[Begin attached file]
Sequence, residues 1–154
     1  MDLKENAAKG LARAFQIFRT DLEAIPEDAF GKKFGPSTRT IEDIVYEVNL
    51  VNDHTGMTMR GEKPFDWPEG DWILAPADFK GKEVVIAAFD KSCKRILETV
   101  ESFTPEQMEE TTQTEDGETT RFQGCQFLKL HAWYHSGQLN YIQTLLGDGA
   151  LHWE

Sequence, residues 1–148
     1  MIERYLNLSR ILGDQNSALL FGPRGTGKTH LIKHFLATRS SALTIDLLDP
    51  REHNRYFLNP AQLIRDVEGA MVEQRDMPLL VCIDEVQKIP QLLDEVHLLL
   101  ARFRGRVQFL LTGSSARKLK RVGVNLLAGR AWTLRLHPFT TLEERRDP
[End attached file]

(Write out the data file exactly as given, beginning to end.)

Sequence, residues 1–154
     1  MDLKENAAKG LARAFQIFRT DLEAIPEDAF GKKFGPSTRT IEDIVYEVNL
    51  VNDHTGMTMR GEKPFDWPEG DWILAPADFK GKEVVIAAFD KSCKRILETV
   101  ESFTPEQMEE TTQTEDGETT RFQGCQFLKL HAWYHSGQLN YIQTLLGDGA
   151  LHWE

Sequence, residues 1–148
     1  MIERYLNLSR ILGDQNSALL FGPRGTGKTH LIKHFLATRS SALTIDLLDP
    51  REHNRYFLNP AQLIRDVEGA MVEQRDMPLL VCIDEVQKIP QLLDEVHLLL
   101  ARFRGRVQFL LTGSSARKLK RVGVNLLAGR AWTLRLHPFT TLEERRDP